DHS Aims for Global Aviation Security Resolution

Homeland Security Secretary Janet Napolitano plans to continue to win regional aviation security agreements through the rest of the year to build to a global aviation security resolution in the fall, the secretary said in a forum sponsored by the US Chamber of Commerce Wednesday.

Since the attempted Christmas Day bombing by terror suspect Umar Farouk Abdulmutallab of a US-bound flight, Napolitano has traveled the world in search of regional agreements to strengthen aviation security standards.

"We must use the attempt on Christmas Day as a catalyst to lift aviation security standards across the globe," Napolitano asserted.

So with the assistance of the International Civil Aviation Organization (ICAO), an agency of the United Nations, the secretary and other officials at the Department of Homeland Security (DHS) have struck agreements to accomplish that goal.

In January, Napolitano met with European ministers in Spain to establish the Toledo Declaration. In February, officials in the Western Hemisphere joined Napolitano in Mexico to agree to the Mexico City Declaration. In March, Asian nations signed a Tokyo Declaration. Then in April, African nations came together at Napolitano’s request in Nigeria to sign the Abuja Declaration.

Napolitano soon will meet with ministers in the Middle East in the hopes of striking a similar aviation security agreement.

Ultimately, the goal is to build consensus for a global aviation security resolution by the time of a general assembly of ICAO in Montreal, Canada, Sept. 28-Oct. 8.

After the ICAO meeting, DHS would support a series of implementation sessions to bring security experts up to speed on the new aviation security standards globally by the time of a world security conference in February 2011, Napolitano announced.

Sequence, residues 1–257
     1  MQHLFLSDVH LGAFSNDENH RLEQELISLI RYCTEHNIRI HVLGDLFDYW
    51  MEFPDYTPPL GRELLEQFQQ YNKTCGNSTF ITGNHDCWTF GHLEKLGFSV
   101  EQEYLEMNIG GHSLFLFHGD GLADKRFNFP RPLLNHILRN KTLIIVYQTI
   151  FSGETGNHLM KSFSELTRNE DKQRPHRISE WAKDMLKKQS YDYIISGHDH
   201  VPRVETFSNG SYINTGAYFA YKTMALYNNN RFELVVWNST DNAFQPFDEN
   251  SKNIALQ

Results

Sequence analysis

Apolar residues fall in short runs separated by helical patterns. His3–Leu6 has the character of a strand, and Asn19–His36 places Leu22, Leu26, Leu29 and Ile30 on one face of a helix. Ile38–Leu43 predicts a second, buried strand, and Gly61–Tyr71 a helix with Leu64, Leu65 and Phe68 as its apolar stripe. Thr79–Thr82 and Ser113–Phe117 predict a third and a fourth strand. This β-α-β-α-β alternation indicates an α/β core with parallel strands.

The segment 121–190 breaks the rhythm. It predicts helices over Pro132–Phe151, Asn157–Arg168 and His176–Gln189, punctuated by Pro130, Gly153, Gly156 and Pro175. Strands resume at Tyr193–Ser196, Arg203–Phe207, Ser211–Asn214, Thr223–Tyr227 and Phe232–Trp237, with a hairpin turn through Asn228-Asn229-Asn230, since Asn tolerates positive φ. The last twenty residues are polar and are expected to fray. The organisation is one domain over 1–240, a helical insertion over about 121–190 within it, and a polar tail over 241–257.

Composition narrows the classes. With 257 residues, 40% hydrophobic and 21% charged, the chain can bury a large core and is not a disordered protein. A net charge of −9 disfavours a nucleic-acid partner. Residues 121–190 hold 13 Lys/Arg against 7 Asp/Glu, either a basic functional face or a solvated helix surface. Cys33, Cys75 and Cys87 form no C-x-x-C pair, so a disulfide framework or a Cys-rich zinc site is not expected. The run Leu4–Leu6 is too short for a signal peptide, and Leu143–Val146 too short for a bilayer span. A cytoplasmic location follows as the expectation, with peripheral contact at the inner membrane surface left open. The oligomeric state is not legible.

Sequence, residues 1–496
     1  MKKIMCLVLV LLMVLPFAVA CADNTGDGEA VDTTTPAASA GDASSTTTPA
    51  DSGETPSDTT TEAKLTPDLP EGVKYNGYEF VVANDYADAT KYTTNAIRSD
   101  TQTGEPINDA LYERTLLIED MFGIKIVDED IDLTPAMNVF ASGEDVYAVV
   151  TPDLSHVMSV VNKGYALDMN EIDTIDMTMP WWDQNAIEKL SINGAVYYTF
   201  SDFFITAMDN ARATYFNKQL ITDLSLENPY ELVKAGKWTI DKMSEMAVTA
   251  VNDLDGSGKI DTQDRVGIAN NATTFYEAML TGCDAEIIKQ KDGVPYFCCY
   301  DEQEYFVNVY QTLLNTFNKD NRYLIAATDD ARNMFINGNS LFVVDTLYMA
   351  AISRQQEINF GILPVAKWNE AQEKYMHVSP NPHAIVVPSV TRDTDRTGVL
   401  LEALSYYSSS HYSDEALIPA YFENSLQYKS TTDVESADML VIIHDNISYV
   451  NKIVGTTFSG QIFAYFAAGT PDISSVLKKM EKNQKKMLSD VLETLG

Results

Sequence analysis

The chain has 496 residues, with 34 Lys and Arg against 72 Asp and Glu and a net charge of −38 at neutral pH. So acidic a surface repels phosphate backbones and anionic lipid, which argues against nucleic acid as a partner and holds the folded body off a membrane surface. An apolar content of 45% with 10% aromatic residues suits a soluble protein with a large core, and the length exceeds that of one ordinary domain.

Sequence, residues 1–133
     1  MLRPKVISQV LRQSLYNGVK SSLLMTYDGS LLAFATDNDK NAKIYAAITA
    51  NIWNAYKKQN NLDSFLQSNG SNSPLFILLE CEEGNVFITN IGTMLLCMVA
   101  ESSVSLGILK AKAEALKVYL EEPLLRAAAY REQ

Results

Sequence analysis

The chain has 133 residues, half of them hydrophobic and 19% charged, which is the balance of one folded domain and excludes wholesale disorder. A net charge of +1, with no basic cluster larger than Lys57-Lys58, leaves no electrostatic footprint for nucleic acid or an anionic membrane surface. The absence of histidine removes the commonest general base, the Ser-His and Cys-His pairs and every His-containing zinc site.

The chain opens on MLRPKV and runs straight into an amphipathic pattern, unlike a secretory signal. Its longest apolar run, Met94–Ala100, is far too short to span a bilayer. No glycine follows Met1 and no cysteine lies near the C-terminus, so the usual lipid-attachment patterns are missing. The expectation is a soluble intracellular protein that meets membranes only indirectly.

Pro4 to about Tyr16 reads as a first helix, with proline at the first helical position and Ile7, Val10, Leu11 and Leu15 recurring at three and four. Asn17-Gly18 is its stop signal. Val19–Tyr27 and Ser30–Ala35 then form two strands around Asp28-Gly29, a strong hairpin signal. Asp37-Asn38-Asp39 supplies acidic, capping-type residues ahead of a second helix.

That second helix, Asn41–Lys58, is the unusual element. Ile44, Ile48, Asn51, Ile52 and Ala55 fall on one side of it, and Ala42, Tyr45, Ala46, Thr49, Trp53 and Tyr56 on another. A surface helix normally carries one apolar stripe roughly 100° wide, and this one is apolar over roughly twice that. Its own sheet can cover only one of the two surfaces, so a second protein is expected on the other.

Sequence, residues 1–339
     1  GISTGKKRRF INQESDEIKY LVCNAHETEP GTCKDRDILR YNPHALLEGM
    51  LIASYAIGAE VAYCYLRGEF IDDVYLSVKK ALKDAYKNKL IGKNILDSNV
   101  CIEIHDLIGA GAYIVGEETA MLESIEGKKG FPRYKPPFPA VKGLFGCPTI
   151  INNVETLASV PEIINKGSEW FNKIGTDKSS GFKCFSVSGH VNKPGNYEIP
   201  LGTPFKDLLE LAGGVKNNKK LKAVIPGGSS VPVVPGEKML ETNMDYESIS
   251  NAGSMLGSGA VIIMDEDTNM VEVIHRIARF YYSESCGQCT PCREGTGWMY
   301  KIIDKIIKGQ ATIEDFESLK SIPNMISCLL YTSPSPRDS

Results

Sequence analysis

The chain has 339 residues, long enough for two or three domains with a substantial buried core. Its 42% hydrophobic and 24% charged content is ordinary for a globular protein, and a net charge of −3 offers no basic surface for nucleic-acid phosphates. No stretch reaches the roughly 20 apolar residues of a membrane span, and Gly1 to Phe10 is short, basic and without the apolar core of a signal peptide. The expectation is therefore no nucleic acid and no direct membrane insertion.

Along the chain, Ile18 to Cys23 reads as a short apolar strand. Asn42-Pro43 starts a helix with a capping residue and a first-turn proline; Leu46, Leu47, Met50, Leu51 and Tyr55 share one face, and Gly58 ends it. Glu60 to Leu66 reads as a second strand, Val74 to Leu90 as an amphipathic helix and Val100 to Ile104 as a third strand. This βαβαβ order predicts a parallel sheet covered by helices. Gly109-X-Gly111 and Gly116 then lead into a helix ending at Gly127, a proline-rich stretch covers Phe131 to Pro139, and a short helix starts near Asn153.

Some nations have taken actions recently to elevate aviation security standards under the new agreements, the secretary said. For example, the United Kingdom has created its first-ever no-fly list for air passenger screening. Canada has contributed money to ICAO to fund the organization’s abilities to meet its obligations under the regional aviation agreements.

The goals of the regional aviation agreements–and eventually the global resolution–include better information collection and sharing, stronger cooperation on deployment of screening technologies like advanced imaging technology (AIT), and the modernization of aviation security standards globally, Napolitano said.

Domestically, the United States also is moving forward on those three elements to strengthen aviation security, she emphasized.

As Abdulmutallab did not appear on the US no-fly list, the intelligence community has been reviewing processes for placing candidates on the list.

"DHS has input into those watchlists, but I want to step back and say we are primarily a consumer of those watchlists. As you may recall, Umar Farouk Abdulmutallab did not appear on the selectee or no-fly lists when he appeared to fly in Lagos [Nigeria] and when he transferred flights in Amsterdam. That was a mistake. He should have been on one of those lists," Napolitano stated.

DHS is working with intelligence agencies to improve who appears on the lists and it also is pushing more information overseas before passengers board US-bound airplanes.

To address the need for improved screening technology and procedures, the Obama administration has requested $900 million in fiscal 2011 for AIT devices, more federal air marshals, and more canine teams at the Transportation Security Administration (TSA).

"The AIT technology is the next wave of technology. It objectively improves our ability to detect the type of explosive that was going to be used on Christmas Day as well as other dangerous objects such as gels that do not set off a standard magnetometer," Napolitano commented.

The United States plans to deploy 450 AIT devices domestically by the end of the year and more than 1,000 throughout US airports by the end of 2011.

Napolitano delivered her remarks at the National Chamber Foundation’s Annual Aviation Summit, which was sponsored by the nonprofit arm of the US Chamber of Commerce to encourage dialogue on aviation issues.

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